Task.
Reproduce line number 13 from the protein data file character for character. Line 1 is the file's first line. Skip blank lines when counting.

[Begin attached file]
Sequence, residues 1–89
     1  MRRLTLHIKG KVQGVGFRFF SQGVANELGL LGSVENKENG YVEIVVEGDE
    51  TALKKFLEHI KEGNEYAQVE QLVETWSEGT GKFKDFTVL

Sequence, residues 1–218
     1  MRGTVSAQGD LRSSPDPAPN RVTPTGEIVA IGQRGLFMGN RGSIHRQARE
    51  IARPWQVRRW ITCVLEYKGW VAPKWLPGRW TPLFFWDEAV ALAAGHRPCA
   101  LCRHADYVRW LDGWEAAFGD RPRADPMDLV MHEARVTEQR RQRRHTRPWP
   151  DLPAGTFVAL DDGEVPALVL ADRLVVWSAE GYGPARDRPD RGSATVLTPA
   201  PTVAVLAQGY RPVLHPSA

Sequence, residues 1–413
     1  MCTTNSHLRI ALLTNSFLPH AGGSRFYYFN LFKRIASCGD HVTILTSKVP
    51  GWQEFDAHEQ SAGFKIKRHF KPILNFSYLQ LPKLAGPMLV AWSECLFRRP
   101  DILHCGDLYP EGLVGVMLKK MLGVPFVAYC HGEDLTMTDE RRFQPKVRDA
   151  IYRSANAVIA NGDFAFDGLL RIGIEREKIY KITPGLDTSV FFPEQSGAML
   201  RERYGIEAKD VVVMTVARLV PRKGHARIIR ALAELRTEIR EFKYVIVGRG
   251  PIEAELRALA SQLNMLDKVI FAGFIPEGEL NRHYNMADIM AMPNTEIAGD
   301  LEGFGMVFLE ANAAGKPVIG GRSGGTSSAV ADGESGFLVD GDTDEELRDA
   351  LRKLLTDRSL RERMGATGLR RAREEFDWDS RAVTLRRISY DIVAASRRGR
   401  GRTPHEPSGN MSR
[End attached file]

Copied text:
   101  DILHCGDLYP EGLVGVMLKK MLGVPFVAYC HGEDLTMTDE RRFQPKVRDA